Commentary on the Holy Priesthood
Gino Concetti

The value of community life for today's diocesan priests

The concept of community life immediately recalls the life of Religious who by professing the evangelical counsels also commit themselves to live that typical "form" of life of their institute. It is their houses, shrines and churches that make visible the community life of Religious. Only hermits, opting for a solitary life, live on their own.

Are priests, that is, diocesan priests, bound to live in a community? Is this element part of their status as priests?

From a glance at history, this does not seem to be the case. Priests who live together on the same premises and form a community are few and far between.

In past centuries, most of those who were not parish priests lived at home. It was rare to come across communities in which priests lived together, sharing their apostolate, ministry, food and dwelling.

The problem has always been recognized by those circles that were pleading its cause. For the most part, it was Religious who pressed for and upheld it and demonstrated not only the financial but above all the spiritual advantages that could also derive from it for diocesan priests.

At the Second Vatican Council, the matter arose in the context of examining the life and ministry of priests. In the preparatory phase and even earlier, it was members of Religious Institutes who showed their consensus.

However, the ambiguity was plain to all: diocesan priests are different from priests who belong to Religious Institutes in the form of their lifestyle. It was thus pointed out that the priesthood as such does not require priests to live in community.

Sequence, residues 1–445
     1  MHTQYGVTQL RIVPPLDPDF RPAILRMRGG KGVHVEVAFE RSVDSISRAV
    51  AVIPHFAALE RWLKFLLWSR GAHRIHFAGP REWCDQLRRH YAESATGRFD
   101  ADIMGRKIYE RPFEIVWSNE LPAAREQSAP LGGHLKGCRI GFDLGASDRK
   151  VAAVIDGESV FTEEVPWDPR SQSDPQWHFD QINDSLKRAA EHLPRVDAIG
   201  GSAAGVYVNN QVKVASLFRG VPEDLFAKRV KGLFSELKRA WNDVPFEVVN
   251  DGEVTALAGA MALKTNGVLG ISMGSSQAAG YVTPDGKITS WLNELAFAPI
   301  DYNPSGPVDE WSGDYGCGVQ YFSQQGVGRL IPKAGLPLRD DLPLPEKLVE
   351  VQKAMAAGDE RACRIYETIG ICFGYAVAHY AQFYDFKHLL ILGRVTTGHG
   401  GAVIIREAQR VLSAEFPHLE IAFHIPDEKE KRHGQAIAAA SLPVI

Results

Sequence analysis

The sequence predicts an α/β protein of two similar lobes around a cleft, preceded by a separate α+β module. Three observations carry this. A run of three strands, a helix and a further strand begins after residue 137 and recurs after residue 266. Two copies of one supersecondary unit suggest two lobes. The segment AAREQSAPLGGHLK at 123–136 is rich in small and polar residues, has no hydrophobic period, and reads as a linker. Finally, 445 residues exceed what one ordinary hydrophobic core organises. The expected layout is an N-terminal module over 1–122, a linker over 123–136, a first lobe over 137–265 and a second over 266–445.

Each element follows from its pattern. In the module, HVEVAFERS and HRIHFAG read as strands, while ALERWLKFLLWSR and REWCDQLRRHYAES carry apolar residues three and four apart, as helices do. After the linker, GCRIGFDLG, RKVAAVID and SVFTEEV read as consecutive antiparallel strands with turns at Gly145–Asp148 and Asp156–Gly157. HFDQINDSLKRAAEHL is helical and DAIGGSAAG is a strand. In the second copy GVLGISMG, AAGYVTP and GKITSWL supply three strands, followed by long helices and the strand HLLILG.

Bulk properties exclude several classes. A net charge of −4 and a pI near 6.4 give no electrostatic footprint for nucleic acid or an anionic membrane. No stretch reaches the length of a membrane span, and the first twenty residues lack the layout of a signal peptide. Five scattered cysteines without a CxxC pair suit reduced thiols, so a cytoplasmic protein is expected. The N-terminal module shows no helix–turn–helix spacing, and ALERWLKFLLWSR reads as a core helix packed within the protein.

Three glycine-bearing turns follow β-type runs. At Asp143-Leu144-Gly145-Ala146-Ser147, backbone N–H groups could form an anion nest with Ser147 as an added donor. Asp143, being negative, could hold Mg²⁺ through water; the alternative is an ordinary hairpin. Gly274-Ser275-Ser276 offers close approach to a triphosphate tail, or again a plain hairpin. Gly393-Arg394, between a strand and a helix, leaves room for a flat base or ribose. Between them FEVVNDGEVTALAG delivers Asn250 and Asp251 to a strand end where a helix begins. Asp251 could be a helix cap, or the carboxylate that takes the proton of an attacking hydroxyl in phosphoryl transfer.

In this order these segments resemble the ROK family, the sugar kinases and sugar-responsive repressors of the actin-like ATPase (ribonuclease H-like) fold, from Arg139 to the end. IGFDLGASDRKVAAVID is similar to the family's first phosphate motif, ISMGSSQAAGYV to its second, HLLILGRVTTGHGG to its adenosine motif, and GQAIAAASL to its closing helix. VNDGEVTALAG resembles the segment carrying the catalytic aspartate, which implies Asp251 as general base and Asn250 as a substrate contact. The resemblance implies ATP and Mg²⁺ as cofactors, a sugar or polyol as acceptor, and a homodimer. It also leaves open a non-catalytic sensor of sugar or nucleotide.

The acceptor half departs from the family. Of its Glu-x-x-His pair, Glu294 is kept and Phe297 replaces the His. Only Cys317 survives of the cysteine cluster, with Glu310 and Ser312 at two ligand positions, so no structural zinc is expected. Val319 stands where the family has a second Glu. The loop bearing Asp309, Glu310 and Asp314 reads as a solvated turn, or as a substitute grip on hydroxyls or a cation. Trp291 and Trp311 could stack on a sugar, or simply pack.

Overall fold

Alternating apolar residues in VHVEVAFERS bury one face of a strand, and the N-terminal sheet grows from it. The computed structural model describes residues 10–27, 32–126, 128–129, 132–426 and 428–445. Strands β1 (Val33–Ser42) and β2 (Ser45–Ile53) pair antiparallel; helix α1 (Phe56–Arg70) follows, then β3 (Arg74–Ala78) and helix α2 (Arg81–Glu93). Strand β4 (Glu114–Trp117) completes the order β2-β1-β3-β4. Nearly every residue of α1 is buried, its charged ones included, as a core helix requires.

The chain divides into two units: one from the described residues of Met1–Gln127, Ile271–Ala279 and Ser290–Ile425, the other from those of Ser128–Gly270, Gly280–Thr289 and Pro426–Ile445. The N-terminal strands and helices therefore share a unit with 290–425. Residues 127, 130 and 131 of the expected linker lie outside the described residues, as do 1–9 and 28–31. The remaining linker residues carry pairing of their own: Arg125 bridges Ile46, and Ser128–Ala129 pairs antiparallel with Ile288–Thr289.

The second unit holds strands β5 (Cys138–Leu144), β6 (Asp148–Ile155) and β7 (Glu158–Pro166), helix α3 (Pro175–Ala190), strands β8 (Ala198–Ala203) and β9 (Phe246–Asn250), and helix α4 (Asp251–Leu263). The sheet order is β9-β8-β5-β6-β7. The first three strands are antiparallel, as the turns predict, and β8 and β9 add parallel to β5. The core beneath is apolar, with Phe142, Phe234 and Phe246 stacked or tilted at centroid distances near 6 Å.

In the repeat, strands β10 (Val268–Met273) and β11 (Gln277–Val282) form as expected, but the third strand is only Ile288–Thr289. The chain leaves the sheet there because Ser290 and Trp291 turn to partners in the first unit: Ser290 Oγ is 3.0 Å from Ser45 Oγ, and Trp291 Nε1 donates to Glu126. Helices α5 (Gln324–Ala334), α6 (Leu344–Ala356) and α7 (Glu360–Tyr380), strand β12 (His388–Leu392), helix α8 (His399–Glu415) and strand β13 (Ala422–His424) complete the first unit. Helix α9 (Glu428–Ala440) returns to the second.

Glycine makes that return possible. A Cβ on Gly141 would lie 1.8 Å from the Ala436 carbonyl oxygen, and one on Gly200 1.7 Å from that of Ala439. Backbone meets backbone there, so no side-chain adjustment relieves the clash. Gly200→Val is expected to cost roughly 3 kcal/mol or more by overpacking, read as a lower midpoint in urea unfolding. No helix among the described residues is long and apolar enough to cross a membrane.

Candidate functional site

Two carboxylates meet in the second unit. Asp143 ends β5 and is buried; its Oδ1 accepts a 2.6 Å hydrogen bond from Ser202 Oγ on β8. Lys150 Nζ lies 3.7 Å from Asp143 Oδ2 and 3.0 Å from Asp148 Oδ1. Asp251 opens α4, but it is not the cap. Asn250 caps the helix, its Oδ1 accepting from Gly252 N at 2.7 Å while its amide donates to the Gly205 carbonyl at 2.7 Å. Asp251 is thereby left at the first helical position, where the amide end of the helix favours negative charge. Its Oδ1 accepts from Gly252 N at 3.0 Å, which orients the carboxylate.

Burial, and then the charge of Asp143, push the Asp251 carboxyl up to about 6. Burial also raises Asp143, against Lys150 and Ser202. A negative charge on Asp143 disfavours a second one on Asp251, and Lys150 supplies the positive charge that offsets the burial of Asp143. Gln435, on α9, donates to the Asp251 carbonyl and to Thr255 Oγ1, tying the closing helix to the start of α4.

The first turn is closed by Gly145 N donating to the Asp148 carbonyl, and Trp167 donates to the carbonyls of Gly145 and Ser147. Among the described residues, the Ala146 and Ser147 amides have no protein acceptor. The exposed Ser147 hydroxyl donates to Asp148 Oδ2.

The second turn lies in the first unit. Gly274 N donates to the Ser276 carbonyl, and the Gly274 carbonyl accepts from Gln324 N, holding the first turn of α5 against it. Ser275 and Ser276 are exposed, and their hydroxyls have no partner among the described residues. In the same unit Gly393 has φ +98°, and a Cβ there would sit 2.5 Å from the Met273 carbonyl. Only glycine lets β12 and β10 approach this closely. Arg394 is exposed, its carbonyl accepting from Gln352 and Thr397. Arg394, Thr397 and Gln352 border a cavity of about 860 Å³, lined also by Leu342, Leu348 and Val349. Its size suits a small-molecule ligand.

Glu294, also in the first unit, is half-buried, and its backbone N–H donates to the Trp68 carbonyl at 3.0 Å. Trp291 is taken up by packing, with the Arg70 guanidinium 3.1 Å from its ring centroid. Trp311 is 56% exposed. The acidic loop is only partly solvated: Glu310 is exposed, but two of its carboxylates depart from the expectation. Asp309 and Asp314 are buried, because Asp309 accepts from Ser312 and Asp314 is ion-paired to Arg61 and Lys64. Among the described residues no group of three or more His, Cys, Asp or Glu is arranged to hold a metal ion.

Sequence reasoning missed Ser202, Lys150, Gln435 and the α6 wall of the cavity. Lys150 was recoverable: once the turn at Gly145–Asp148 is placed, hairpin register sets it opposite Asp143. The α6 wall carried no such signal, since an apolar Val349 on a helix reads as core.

It emerges clearly from the many proceedings, votes, suggestions and drafts of the Second Vatican Council that the attempts to introduce for diocesan priests the typical community life characteristic of Religious were systematically rejected.

To presume that their rejection was justified by recognition of the greater scope for freedom of diocesan priests does not seem convincing. The conditions and the ministry that diocesan priests are called respectively to abide by and to fulfil prove rather that the contrary is true.
Theologically speaking, presbyteral communion as such implies a dimension of full fraternal communion; however, the principle must take into account the needs of the People of God and the functionality of the presbyteral ministry carried out by diocesan clergy.

Although the Second Vatican Council made a thorough examination of the issue, for this and for other reasons, it decided in the end on a flexible and multiform concept of community life.

Vatican II on community life

The study by Francesco Treccia, La vita comune del clero secolare nel Concilio Ecumenico Vaticano II, Perugia, 2004 (the community life of secular clergy in the Second Vatican Council), has refocused the attention of priests and scholars on this topic. Treccia, furthermore, is a Franciscan and thus bound to live in community. He uses extensive and detailed studies of the Conciliar Documents over a long period, following their different stages and drafts.

In his essay he refers to the long preparatory process of the specific Decree [Presbyterorum Ordinis], based on proposals from the Congregation of the Council, the Pontifical universities in Rome and the superiors of Religious Orders and Institutes. The suggestion made by Fr Renato Ziggiotti, Rector Major of the Salesians, deserves mention among others:

"In this connection a great contribution would be made by a certain degree of community life for the clergy of parishes belonging to the same centre, or at least by the community action of the said clergy of the same centre, where following the directives and un-
der the control of the diocesan Bishop (with adequate financial provision), the various tasks required for the care of the various categories of the faithful would be distributed between the secular and regular (Religious) clergy".